LACKING LAND AND BOUND BY GROWTH RESTICTIONS, GOLDEN BANKS ON RENEWAL
SPRAWLING RESIDENTIAL AND commercial projects are the financial workhorses of developers, but in a communities like Golden -- with what city planners call "geographical challenges" -- the horses may soon be working in a different pasture.
Bound by strict limits on residential growth of 1 percent per year and a dearth of available land, Golden has shifted its focus to revitalization.
"Golden had a period in the late '70s to early '90s where we participated in the urban-growth model," said Steve Glick, planning manager at the Golden Planning Department. "It's a new era. We won't do that anymore."
Esther Kettering, a vice president of Fuller and Co., the commercial real estate firm, and chair of the city's newly formed Economic Development Council, said one of the council's first goals is to hire a marketing consultant to help change public perception of Golden "from what was a sleepy little town on the outskirts of Denver to a place that's really happening."
Kettering, a self-proclaimed Golden cheerleader, says her little town is surprisingly diverse, with everything from heavy industrial projects to a variety of residential opportunities.
While growth restrictions may put an end to big developments, the last of Golden's major residential evolutions is still under way. Stonebridge, a 235-home development headed by The Genesee Co., will command about 45 of the 75 permits available in the city this year. Though growth restrictions were enacted in 1996, Genesee's project was already in the planning pipeline, and therefore allowed to proceed.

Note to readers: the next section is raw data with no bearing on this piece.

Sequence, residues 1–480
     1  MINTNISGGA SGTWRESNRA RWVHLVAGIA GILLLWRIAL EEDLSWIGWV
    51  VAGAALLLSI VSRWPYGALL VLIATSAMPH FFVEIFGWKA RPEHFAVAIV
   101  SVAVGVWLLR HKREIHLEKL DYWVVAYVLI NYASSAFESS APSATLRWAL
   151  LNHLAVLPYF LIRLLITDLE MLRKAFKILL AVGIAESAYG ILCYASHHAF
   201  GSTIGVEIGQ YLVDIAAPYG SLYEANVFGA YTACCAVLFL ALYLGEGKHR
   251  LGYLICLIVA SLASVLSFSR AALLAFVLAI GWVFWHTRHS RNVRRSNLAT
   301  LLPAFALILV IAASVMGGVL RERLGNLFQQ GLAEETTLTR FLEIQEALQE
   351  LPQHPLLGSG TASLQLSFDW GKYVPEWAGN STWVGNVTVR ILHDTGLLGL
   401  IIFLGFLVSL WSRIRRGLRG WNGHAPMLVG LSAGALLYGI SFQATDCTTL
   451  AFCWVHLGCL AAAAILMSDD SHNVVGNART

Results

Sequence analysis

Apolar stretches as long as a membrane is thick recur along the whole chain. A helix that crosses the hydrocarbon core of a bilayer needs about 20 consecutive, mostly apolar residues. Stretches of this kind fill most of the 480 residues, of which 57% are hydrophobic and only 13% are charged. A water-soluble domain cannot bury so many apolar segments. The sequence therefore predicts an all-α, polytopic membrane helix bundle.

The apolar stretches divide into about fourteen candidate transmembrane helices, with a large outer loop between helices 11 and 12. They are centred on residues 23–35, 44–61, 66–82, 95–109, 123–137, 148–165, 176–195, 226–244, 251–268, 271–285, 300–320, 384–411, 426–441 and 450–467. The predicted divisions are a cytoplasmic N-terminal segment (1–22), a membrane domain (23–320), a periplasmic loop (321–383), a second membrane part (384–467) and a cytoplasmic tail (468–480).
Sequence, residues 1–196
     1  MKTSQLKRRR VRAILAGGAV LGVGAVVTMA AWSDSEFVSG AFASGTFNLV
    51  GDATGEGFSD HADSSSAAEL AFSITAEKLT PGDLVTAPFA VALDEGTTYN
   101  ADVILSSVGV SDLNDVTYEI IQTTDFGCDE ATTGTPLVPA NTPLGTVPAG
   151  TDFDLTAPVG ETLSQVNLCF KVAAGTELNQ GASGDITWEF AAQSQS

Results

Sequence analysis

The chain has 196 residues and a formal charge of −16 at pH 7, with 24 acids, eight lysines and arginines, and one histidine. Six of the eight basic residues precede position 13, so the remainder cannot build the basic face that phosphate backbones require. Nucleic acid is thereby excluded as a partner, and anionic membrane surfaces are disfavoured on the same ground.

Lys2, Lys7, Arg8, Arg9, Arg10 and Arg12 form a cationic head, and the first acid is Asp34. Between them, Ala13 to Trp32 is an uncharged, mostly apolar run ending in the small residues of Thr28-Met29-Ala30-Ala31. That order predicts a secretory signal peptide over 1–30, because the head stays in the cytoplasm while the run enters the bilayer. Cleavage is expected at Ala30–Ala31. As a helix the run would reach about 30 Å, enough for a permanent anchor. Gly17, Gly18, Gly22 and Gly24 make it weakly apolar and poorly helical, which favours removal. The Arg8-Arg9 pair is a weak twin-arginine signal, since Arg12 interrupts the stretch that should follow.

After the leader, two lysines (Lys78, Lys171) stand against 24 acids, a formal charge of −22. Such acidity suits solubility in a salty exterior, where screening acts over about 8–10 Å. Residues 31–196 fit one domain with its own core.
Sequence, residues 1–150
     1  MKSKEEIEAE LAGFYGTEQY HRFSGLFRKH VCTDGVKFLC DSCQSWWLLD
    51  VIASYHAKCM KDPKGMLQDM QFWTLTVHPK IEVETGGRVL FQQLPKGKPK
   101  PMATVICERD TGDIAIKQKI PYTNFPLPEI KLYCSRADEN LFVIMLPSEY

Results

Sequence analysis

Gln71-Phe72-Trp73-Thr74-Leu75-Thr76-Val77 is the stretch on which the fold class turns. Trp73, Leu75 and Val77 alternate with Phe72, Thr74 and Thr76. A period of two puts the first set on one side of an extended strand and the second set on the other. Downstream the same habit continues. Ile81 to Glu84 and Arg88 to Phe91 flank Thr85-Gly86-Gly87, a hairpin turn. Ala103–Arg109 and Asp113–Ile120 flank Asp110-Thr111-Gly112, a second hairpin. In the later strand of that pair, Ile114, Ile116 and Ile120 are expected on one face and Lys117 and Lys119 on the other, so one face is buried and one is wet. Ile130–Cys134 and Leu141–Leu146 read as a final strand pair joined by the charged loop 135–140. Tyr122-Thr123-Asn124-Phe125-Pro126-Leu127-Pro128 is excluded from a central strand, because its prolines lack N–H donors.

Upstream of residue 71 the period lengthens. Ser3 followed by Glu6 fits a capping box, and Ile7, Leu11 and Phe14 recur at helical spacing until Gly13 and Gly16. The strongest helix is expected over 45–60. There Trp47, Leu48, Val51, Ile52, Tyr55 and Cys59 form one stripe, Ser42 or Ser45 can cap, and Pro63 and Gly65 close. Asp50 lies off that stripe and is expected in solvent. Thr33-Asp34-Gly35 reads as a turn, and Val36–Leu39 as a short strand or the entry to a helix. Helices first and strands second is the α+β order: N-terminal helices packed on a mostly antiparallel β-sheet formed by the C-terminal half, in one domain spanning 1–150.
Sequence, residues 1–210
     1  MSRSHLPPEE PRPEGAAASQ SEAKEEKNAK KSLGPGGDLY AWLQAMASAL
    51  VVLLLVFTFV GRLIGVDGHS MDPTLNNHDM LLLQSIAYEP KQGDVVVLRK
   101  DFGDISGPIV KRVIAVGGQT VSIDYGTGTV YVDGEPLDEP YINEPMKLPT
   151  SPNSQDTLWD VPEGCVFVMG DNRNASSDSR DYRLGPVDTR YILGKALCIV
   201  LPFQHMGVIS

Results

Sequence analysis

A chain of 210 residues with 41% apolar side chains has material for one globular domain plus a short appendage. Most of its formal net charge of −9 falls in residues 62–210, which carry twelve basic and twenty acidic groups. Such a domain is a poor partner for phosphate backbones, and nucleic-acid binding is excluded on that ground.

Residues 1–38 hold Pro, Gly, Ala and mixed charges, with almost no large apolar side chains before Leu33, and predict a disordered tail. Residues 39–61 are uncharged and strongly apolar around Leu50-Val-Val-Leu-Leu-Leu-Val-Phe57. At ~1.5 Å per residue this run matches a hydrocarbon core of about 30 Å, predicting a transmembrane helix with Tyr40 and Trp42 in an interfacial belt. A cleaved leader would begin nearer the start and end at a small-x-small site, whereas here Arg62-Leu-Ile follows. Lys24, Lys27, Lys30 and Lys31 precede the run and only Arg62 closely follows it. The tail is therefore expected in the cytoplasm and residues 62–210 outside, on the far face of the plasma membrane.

"In order to not have a lot of half-built projects, the city council promised to continue offering permits to (Genesee) until 2003," Glick said.
Others involved in the planning process said the city didn't want to trample on landowner's rights, a touchy subject in many Colorado communities.
"We believe that there are such things as land-use rights and that people should be able to use the land as they saw fit when they bought it," said Steve Becker, executive director of the Golden Urban Renewal Authority. "You have to balance quality of life with people actually living here."
Becker added that quality-of-life issues are behind Golden's opposition to Nike building an office complex atop South Table Mountain, and its contempt for an extension of C470 through town. While there are some who say the highway would increase traffic to downtown...